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Holiday Tips & Tricks

Hey Community! We asked you about your favorite tips and tricks for getting through the holidays. Here are the top 6...

Have sound blockers available at all times.Keep your child's favorite snacks on hand.Traveling? Plan ahead with a social story and written schedule.Make sure your child's favorite toys and fidgets are on hand.At gatherings or crowded spaces, plan an escape route or identify a quiet location to retreat to if needed.Know your limit. Sometimes parents need a snack or quiet location, too! Sound familiar? These are great tips for all family members, huh?

Recent posts

Back to school tips & tricks by Heather Olivier

Heading back to school is always a big deal in our house.  It is a time of huge transition and change.  That transition causes increased excitement and increased anxiety.  Sometimes that looks the same in my household.  I have learned over the years that some strategic planning can help ease some of the back to school jitters.  The following are my top seven tried and true tips for a smooth transition (or relatively smooth) back to school.
IEP or 504 - If yourchild has an IEP or 504, find it and review it.  If you don’t know where it is or don’t have a copy, request one from the school or your child’s case manager.  It is important to know what is included in the document and what might be missing. One-Page Profile - Create a one-page profile.  A one-page profile is a great way to capture key information on how to best support your child in the classroom and other environments.  FACT Oregonhas examples and templates that you can use to create one. Parent Input Statement - Do you have a…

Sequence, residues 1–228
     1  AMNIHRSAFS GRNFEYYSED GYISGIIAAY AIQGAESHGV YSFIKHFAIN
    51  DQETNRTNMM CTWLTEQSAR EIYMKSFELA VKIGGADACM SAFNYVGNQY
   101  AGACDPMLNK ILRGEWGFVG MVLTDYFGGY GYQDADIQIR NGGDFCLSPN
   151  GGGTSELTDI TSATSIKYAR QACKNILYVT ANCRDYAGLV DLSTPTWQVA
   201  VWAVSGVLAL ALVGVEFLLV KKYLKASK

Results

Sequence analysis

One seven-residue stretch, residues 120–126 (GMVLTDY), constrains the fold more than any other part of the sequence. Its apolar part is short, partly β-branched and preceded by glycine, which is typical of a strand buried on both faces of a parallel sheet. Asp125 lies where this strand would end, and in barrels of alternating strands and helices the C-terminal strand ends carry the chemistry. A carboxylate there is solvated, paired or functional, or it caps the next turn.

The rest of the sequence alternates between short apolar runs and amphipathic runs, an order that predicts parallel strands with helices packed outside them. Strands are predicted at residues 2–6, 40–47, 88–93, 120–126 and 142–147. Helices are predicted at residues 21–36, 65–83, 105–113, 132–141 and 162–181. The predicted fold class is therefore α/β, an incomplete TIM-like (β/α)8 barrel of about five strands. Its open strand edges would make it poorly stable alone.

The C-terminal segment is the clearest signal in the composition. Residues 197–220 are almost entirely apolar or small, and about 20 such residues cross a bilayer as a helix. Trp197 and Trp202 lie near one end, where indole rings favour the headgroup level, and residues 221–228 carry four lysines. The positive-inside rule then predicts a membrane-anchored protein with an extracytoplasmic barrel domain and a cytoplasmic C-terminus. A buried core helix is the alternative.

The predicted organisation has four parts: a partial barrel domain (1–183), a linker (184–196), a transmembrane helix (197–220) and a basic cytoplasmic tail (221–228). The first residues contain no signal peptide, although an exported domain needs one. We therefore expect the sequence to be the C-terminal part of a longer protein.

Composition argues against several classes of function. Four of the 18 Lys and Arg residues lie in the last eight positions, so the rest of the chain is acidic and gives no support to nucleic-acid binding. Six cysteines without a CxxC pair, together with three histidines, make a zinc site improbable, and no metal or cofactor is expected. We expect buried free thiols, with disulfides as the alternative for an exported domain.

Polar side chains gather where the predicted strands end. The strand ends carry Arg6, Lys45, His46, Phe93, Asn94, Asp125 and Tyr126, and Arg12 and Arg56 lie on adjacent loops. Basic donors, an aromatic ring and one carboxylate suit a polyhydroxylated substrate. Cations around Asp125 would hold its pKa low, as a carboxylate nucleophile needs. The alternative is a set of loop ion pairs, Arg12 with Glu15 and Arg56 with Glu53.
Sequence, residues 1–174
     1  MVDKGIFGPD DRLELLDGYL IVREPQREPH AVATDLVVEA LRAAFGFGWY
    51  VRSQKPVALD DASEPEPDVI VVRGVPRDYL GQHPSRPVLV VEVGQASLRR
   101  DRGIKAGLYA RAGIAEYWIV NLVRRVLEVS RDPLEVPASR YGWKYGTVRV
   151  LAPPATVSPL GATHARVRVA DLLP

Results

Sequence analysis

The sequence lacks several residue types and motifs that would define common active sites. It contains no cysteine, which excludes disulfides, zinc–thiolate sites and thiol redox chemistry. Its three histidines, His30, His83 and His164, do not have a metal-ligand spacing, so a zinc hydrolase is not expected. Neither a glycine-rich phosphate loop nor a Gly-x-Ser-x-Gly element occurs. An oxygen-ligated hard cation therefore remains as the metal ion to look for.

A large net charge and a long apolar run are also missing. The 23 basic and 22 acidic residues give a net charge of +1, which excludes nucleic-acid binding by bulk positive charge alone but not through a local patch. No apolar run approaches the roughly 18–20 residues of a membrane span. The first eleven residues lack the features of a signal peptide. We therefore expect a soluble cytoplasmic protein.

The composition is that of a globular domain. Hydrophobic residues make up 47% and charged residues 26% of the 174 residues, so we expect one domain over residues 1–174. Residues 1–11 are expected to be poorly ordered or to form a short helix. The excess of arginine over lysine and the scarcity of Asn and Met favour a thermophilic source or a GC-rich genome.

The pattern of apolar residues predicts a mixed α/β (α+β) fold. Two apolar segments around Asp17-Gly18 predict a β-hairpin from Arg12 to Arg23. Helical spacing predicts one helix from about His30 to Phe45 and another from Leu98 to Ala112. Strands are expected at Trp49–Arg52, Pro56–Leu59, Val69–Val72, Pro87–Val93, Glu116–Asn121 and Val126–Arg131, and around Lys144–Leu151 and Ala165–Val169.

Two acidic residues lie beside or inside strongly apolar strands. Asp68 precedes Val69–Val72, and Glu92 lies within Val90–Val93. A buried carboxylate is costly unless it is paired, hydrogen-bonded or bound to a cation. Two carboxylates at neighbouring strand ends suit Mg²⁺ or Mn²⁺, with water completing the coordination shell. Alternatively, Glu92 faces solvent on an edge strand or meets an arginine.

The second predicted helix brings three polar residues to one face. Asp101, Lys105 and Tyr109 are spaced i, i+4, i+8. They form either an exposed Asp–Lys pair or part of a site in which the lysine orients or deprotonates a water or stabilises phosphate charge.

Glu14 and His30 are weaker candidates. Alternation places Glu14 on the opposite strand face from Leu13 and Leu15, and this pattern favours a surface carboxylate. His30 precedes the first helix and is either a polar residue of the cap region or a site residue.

Traveling to Doernbecher? Tips and tricks from an experienced Mom... By Lauren White

So you’re going to Doernbecher Children’s Hospital. Over the years our family has been up there quite a bit and we have learned some tips and tricks that might help your family make the process a little smoother. 
Hi, my name is Lauren and I am married with two kids. I have a daughter who is 9 and a son, Bauer, who is 7. We live in Medford. Bauer was born with a Rare Chromosome Disease that resulted in Developmental Delay, a heart condition called Tetralogy of Fallot, low muscle tone, mild/moderate hearing loss, and vision issues. For the first few years of his life he ate through a g-tube. 

On the night Bauer was born we found out that he had Tetralogy of Fallot. We were told he would have to go to Doernbecher so he could have it repaired, but we weren’t sure exactly when. It ended up that he required his open heart surgery at three months old. It was a terrifying time, but we found great comfort from the doctors and nurses at Doernbecher. I think what I took away from our first visit …

Olivia is 10. Time flying and other things I've learned. By Tara Stoll